Everyone has an experience in their life that they count the greatest. Corporations do, too. For Vulcan Iron Works, that experience was its involvement in offshore oil development.
Come join us as we take a look at Vulcan’s involvement offshore, which follows a fascinating (and very profitable) saga of American commercial history. You can click here to start or pick one of the topics below:
- The Work: The Installation of Conventional Platforms
- Early Hammers Offshore
- Where the hammers began: The Manufacturing Facilities and Offices
- Sales: Meeting the Customer’s Needs
- Service: “Have Hammers, Will Travel”
- It’s in the Details: Product features that make the difference
- Vulcan Offshore Tips: Service Advice for Vulcan Offshore Hammers
- The Offshore Technology Conference
- Offshore Hammers In Action
- The Saga Continues
- Special Pieces
- A Few Words About the Telex
- Construction Assistance Vehicle (CAV.) Not an offshore oil and gas product, but an underwater craft Vulcan fabricated for the U.S. Navy.
- Herman Hasenkampf: A Tribute. Vulcan’s most successful sales person perished in the wake of Hurricane Katrina; this is our farewell to him.
- A Fistful of Yuan: Vulcan in China, 1981-1983. An account of the most interesting offshore sale Vulcan ever made, with many details of hammer start-ups and offshore procedure.
- Anatomy of a Letter of Credit, an example of the way Vulcan generally was paid for international sales.
- Internal Pile Hammer IPH-16, Vulcan’s attempt at revolutionising steam hammers offshore.
- Sea Water Hammer, Vulcan’s last design of a hammer for underwater use.
- Underwater Hammers, and Hydraulic Impact hammers, a look at early underwater hammers and of the company that ended up with Vulcan’s air/steam line for a few years.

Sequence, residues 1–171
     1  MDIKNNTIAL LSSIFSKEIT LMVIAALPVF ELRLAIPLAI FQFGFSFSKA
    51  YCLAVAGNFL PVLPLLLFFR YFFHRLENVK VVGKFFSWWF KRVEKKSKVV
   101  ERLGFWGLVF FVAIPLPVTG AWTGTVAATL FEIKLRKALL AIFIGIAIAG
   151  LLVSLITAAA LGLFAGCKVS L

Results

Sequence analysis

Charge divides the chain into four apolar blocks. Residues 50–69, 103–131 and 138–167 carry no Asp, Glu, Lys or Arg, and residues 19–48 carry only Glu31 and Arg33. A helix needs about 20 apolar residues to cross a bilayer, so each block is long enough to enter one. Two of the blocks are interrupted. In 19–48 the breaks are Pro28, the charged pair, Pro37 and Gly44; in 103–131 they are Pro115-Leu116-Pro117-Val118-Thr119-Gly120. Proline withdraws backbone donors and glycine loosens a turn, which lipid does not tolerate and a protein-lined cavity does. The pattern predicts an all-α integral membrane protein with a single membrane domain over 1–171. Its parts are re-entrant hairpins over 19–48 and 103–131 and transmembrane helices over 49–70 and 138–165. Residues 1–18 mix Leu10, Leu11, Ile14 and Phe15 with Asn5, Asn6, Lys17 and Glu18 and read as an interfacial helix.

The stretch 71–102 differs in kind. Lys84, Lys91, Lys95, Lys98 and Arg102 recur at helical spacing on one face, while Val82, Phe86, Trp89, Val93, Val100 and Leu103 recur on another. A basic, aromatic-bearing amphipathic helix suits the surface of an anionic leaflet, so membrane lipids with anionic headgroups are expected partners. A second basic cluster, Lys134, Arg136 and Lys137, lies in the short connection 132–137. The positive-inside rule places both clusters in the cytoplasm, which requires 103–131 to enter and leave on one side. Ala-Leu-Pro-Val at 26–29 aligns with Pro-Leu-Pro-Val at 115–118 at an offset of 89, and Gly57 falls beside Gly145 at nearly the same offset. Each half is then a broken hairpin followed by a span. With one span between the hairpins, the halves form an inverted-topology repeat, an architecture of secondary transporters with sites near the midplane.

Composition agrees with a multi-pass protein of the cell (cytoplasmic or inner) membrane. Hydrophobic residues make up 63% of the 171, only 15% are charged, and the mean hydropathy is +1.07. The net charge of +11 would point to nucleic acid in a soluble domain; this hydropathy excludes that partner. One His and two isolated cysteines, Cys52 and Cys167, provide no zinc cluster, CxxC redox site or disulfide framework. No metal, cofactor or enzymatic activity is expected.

- Vulcan Presentation, and Menck Offshore Steam Hammer Data. A presentation prepared by Vulcan’s Executive Vice President, P.M. Warrington, for use at sales presentations for offshore customers during the mid-1980’s. Also contains valuable and additional information on Menck offshore steam hammers.
About the Photos
When putting together this collection, we wanted to tell the story of both the construction of conventional platforms. It’s tempting just to surf the web and take “stock photos;” however, we chose to use something closer to home. Virtually all of the photos in this section were either taken by Vulcan employees or were commissioned by Vulcan and taken by professional photographers. Many of these photos were rescued from destruction when Vulcan sold its Chattanooga facility; they are a priceless legacy of a great endeavour.
For their part Vulcan’s employees were not photographers; they were service, sales, technical and management people. The photos weren’t always the best, but they told the story better than just about anything else we can think of, and modern digital processing has improved many of these shots. Most of them are named in the narrative.
Although there may be others, three professional photographers are known to have their work in this collection:
- Sam R. Quincey of West Palm Beach, FL, who took the outside photos of Vulcan’s Florida executive office;
- Bill Blakeney of Palm Beach Gardens, FL, who took some of the better photos offshore; and
- Jim Wilson of Hixson, TN, who took those of the plant expansion dedication.